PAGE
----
The constructive motion of no confidence is also strengthened by allowing slightly longer time to the government to react to the motion. It can vary from 48 hours to 2 weeks. In Pakistan’s case it is roughly 2 weeks.

The system of constructive motion of no confidence is followed by the parliaments of Germany, Spain, Hungary, Slovenia, Poland, Belgium and Israel. Three of the seven countries are former east European states. Two of these countries, Belgium and Israel introduced this system not due to historical tradition but as a result of political reforms. The system encourages continuity of government during the term of parliament and prevents smaller coalitions partners from extracting higher political concessions from a government struggling to keep its majority in parliament.

There are three ways through which a government can be constitutionally dismissed in Pakistan. The first is under Article 58; the prime minister advises the president to dissolve the National Assembly and call fresh elections before the expiry of the electoral term of parliament. The second is under Article 91 (7); the president may ask the prime minister to seek a vote of confidence from the National Assembly if he believes that the prime minister does not command the confidence of the majority of the Assembly. The third method under Article 95 (1 to 4); a resolution for a vote of no confidence, moved by not less than 20 percent of the total membership of the National Assembly, is passed against a sitting prime minister by a majority of the total membership of the National Assembly.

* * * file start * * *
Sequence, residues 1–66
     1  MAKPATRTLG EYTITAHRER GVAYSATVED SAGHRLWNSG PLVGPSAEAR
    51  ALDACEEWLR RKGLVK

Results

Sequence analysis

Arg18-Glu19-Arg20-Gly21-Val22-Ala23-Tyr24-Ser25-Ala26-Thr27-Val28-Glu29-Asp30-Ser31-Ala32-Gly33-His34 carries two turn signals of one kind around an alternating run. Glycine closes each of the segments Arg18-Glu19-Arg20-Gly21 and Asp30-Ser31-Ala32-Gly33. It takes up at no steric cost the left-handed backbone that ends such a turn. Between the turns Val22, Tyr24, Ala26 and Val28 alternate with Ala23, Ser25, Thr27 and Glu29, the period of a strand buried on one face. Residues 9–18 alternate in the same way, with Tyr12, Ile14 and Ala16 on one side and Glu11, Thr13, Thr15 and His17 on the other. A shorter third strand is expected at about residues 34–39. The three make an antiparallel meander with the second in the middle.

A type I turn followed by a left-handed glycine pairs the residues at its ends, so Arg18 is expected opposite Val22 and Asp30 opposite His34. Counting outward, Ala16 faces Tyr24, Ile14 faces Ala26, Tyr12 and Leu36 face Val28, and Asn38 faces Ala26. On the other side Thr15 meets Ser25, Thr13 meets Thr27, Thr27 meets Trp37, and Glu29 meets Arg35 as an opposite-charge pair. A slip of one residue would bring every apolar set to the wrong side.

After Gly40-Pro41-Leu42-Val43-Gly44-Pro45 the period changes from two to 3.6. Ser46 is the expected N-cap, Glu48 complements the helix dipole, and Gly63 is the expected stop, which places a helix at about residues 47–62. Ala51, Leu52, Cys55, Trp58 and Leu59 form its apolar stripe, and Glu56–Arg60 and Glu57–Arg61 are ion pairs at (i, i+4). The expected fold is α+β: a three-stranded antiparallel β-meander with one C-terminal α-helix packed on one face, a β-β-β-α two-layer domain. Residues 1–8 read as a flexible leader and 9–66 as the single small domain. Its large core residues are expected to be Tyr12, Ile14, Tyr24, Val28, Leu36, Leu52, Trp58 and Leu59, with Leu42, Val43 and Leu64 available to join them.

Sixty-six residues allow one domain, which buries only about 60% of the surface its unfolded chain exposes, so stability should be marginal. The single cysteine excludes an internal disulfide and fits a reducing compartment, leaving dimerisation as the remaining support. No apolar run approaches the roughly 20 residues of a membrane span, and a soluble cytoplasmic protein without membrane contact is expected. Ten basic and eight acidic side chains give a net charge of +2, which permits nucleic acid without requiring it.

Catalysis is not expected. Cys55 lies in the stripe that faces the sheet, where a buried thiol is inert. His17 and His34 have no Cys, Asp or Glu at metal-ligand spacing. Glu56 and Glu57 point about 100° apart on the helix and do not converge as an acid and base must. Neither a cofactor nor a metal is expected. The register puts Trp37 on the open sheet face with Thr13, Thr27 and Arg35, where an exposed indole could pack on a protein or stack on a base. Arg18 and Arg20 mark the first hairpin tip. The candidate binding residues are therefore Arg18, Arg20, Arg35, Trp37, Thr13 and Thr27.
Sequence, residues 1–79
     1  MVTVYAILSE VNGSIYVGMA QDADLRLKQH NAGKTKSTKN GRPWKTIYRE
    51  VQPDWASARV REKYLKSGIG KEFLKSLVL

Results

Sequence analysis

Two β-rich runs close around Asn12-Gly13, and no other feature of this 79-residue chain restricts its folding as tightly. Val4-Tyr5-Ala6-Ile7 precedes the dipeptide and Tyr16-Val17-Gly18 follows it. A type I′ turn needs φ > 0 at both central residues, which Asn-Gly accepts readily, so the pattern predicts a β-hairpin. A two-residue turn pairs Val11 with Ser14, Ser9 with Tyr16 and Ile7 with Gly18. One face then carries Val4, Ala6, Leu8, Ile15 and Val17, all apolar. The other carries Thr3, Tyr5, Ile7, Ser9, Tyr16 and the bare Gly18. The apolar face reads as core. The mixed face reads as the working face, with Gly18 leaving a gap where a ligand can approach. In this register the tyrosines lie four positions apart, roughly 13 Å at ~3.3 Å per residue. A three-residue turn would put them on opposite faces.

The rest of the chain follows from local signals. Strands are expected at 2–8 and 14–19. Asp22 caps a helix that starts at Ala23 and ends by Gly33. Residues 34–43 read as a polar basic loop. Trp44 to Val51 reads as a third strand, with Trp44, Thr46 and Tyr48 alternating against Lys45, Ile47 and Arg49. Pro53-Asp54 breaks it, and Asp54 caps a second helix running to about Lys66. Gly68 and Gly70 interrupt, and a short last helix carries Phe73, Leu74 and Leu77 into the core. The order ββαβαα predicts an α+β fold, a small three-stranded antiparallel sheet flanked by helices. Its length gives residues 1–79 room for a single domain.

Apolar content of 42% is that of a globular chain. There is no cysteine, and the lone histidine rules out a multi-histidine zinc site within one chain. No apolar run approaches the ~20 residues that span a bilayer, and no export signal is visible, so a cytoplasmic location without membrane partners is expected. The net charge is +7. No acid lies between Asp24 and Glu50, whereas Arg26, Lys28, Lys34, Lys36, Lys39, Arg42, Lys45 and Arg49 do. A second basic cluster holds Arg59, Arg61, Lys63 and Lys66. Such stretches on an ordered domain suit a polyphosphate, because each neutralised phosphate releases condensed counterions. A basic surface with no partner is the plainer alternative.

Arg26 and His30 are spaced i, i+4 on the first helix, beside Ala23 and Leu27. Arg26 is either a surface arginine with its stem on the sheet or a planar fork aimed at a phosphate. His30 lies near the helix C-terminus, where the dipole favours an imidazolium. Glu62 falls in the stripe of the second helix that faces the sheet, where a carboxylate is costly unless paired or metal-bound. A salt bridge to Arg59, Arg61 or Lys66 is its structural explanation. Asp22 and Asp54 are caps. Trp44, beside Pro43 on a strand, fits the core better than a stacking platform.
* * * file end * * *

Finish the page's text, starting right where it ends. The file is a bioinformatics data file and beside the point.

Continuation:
The Pakistan constitution combines the features of both the regular and constructive forms of vote of no confidence without making it mandatory that in the event of a vote of no confidence vote having been passed by the National Assembly, the same Assembly should simultaneously elect a new leader of the National Assembly to form a new government.

Article 95 of the Pakistan constitution, read with Articles 58, 63 (A) and 91 (7), provide guidance about the conduct of vote of no confidence. The procedure for initiating a motion or resolution of no confidence and taking a vote on it is provided in the Procedure and Conduct of Business of the Pakistan National Assembly, 2007. Rule 37, read with Rules 323 and 38 of the Rules of Business, state that the Speaker has a period of 14 days from the date a resolution of no confidence has been received by him to bring it to the floor of the National Assembly for action. In addition, the Speaker has the discretion to call for a vote on the resolution between three to seven days of the circulation of notification of the resolution, during which time he may also set aside a number of days for a debate on the motion. On the conduct of the poll, Pakistan follows the most transparent but democratically questionable method of members voting by an open vote by the division of the house. At the election of the Senate Chairman in 2021 the Supreme Court set aside the request of the government to cast an open vote and instead ruled in favour of the secret vote.